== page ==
Canadian support for Team China strong as Winter Games wind down

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China's best-ever performance at a Winter Olympics is receiving strong support among Chinese locals and visitors alike in the streets of Vancouver with the Games coming to a close this weekend.

With China sitting at 11 medals on Saturday on the strength of five gold medals, two silvers and four bronzes, the country looks well-set to record its first top-10 finish in the medal table after going into the weekend in eighth place.

Going into the Vancouver Games, China had won a total of 33 medals in its first seven Winter Olympics appearances, with a 13th-place finish in Salt Lake City in 2002 being the team's best result to date.

"China is doing great," said Chinese visitor Wang Bin on the crowded streets of downtown Vancouver on a wet Saturday afternoon in the Canadian city. "It's a young team and while the Summer Olympics are more important in China, we have a bright future in Winter sports and will soon be competing on an even level with the best countries in the world in many sports. Just give it time."

The Harbin native told Xinhua he was especially impressed with Wang Meng. The 24-year-old Heilongjiang speed skater won her third gold medal of the Games on Friday when she added the women's 1,000 meters to her earlier victories in the 500 meters and 3,000-meter relay.

Along with her outstanding performance at the 2006 Turin Games in Italy, the reigning world champion has now won six medals to become the most decorated Chinese Winter Olympian ever.

"She's the best," said an enthusiastic Wang Bin, who compared Wang Meng's dominance of her sport to that of Sun Wen, the Chinese football great who led the China women's team to a silver medal at the 1996 Atlanta Games. "She was the top-rated skater coming into Vancouver and she came through. I can see speed skating becoming more and more popular in China, especially if more facilities are built."

The figure skating pairs gold medal performance by Zhao Hongbo and Xue Shen proved equally as popular with local Chinese. With a stunning performance, the husband-and-wife team ended the dominance of Russian and European skaters in the category with their first victory in their fourth Olympic appearance. Pang Qing and Tong Jian added to the Chinese dominance by winning the silver-medal.

"They were good, they were beautiful, very impressive," said Steph Peng, a Taiwanese who immigrated to Canada 20 years, of Zhao and Shen's winning performance.

"I can tell from this competition that the Chinese team was stronger. It looked so effortless. When you watched it you didn't feel worried about them."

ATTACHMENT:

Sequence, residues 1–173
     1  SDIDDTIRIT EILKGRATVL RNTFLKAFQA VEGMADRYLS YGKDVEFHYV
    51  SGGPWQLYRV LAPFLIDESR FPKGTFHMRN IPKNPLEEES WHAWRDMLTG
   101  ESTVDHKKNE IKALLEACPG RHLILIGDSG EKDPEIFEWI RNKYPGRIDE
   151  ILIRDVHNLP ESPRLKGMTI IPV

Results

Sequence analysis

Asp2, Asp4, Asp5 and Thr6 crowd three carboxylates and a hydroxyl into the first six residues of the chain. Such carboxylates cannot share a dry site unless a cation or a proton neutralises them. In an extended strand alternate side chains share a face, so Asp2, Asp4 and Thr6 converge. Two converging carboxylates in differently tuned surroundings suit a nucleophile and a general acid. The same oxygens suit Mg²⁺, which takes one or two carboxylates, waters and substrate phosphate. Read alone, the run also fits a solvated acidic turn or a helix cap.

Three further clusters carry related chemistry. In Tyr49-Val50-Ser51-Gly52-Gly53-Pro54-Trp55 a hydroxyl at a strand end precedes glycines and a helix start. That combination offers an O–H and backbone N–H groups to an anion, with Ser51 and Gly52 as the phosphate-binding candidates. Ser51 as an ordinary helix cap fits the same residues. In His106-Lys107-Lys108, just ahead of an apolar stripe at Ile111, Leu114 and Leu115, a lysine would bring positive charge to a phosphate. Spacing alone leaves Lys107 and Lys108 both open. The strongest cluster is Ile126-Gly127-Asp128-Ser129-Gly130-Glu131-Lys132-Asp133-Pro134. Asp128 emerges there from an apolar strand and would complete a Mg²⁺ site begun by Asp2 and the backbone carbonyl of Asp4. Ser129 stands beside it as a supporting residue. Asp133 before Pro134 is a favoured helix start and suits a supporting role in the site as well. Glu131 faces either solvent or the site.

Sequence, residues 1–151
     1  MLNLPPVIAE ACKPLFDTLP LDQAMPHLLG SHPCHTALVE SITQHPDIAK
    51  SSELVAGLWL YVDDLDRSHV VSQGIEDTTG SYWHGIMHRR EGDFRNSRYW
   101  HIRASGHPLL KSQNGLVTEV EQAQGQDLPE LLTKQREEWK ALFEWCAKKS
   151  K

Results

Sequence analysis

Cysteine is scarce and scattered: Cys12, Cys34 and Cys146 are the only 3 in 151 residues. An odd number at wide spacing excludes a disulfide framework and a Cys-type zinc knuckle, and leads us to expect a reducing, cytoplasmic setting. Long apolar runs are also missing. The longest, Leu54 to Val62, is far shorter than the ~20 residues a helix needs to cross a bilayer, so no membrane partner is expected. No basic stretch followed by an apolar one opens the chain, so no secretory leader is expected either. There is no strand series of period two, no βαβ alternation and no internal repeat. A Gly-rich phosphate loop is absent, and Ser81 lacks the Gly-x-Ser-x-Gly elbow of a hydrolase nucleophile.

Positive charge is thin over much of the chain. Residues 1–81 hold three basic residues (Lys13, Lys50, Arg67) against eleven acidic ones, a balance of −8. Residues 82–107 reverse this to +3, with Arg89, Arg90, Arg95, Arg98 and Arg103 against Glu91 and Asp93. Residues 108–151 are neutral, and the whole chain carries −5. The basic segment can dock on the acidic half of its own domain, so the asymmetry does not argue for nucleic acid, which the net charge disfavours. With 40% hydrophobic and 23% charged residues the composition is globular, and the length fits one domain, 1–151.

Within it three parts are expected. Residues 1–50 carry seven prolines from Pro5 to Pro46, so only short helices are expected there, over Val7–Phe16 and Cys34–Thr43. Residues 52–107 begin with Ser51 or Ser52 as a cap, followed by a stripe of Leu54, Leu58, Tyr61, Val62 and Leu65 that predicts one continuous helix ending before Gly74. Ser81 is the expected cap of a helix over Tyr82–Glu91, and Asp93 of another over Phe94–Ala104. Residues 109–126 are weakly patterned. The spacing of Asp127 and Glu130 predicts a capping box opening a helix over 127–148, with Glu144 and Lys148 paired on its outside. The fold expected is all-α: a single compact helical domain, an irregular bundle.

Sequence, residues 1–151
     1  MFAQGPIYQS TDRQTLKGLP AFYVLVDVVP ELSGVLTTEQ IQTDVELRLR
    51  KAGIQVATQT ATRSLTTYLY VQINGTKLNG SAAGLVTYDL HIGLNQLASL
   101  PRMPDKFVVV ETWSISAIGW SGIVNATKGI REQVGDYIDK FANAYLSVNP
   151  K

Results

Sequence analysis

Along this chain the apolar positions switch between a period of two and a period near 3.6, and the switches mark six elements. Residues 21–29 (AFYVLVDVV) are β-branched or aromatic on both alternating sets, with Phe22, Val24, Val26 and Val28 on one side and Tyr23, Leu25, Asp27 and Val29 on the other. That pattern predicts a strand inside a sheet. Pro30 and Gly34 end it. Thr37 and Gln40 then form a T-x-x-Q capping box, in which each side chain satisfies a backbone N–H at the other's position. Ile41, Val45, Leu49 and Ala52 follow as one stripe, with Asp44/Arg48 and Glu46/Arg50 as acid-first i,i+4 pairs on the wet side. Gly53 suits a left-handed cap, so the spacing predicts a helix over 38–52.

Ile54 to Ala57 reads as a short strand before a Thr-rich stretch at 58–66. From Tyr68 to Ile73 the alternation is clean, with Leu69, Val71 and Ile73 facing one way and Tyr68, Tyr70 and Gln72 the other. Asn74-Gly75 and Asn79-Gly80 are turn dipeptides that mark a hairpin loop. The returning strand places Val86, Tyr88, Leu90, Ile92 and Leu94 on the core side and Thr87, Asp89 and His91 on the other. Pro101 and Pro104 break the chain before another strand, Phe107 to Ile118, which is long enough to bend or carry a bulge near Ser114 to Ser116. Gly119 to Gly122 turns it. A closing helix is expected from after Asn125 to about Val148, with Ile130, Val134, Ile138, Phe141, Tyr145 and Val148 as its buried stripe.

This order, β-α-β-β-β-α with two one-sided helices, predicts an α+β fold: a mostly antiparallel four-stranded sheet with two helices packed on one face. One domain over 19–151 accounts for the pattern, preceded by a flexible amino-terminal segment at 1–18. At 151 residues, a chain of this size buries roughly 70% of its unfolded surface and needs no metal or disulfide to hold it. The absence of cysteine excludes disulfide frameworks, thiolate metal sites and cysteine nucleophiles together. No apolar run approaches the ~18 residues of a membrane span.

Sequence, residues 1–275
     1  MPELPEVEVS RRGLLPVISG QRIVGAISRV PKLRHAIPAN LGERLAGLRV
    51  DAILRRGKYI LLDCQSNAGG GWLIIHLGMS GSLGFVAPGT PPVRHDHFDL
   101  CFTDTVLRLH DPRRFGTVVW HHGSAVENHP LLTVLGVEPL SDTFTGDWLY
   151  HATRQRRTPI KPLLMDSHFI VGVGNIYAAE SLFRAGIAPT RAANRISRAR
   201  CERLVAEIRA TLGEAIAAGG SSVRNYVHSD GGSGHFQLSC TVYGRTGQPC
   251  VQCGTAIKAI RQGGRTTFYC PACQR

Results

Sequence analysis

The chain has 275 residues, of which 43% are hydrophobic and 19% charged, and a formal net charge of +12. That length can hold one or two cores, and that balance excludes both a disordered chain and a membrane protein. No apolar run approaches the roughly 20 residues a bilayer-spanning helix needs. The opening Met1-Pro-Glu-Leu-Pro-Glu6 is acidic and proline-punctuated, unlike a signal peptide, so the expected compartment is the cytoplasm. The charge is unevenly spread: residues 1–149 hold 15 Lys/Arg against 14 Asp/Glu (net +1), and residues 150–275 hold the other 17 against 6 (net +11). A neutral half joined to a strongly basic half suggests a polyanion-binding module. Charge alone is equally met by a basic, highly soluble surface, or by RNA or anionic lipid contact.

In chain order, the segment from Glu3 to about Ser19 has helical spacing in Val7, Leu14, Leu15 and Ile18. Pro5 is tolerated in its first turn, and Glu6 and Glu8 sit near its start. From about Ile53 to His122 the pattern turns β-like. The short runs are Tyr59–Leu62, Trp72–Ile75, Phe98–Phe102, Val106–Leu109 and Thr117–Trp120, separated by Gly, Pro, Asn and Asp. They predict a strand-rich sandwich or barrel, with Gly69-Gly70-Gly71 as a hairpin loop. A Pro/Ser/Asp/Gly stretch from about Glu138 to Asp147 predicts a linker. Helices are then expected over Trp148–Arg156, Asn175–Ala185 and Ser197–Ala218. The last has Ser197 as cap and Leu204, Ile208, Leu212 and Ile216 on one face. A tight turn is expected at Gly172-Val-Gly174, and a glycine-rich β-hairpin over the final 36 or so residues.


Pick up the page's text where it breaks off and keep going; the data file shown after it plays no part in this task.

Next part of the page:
"Local Chinese were happy. I heard Chinese people say they were happy for the China team but also the Canada team because they had immigrated here."

Ten-year-old Jessica Lui whose family originally came from Guangdong province, said she was enjoying the whole atmosphere of the Olympics. After blue skies and warm weather for the first week of the Games, the second week saw the return of the typical Vancouver winter - grey skies and rain.

"It's been pretty good, especially the figure skating," said Lui while enjoying a street performance by juggler balancing on an over-sized unicycle with her two younger sisters. "Both (Xue and Zhao) were very excellent. The skating was beautiful. They were up against tough competition but they didn't trip or fall."

"This is a first-time experience for most of us and it has been really great. People have come from all over the world to be here and the feeling on the streets is just magic. My friend was at the Beijing Olympics and now I have been at the Vancouver Olympics. We now have something in common and we will share our experiences next time we see each other."

Not all, however, has gone as planned for Team China in its eighth appearance at a Winter Olympiad. The highly-rated Chinese aerialist skiers could not follow in the gold-medal performance by Han Xiaopeng at the 2006 Turin Games, as Li Nina and Guo Xinxin claimed silver and bronze medals, respectively, in the ladie's aerials, while Liu Zhongqing was the best of the men with a bronze.

Likewise, the Chinese women curlers were expected to win gold going into the tournament, but could only salvage at bronze when Yan Zhou and her team beat Switzerland on Friday.

Bryan Wong, a Hong Kong native who has lived in Vancouver for nearly 20 years, said the China team should only be proud of its performance in a Games dominated a resurgent American team, host Canada, Germany and the surprising Norwegians.

"You just have to look at the difference that they (Team China) have made in figure skating, speed skating and the aerial skiing. It seems like once China puts its attention to a sport, just give it a few years and they will be competitive. The curling is another one.

"Wait till China hosts a Winter Olympic Games, that's when you will really see winter sport really take off in the country."

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